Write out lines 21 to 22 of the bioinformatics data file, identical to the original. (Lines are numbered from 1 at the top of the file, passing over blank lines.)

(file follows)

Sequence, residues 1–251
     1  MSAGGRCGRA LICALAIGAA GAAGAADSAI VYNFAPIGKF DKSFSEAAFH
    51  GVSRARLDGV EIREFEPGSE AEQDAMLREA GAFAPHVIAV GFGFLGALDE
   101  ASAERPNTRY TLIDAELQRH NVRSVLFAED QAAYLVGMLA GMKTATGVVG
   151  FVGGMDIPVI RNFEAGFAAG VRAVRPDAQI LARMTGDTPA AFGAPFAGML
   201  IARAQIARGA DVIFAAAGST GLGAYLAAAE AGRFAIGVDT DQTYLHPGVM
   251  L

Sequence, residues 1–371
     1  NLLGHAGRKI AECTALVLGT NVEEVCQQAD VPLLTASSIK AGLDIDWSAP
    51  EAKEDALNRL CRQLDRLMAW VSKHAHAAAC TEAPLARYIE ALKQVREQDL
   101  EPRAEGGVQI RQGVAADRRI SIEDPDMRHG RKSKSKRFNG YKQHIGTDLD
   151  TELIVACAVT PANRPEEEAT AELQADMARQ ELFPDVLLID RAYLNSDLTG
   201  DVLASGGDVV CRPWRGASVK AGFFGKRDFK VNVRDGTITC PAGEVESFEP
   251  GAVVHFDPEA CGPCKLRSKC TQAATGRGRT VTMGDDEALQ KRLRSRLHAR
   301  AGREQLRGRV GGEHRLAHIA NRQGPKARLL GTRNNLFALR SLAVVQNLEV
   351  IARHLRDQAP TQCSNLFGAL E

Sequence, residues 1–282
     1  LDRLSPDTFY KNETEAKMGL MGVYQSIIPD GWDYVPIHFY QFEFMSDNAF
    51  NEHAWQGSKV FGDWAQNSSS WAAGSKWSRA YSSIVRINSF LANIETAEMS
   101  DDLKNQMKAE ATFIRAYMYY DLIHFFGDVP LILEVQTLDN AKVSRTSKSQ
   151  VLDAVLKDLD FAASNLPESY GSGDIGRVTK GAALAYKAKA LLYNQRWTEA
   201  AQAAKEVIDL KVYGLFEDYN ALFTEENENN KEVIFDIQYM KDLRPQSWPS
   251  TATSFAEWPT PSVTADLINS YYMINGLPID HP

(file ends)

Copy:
   151  VLDAVLKDLD FAASNLPESY GSGDIGRVTK GAALAYKAKA LLYNQRWTEA
   201  AQAAKEVIDL KVYGLFEDYN ALFTEENENN KEVIFDIQYM KDLRPQSWPS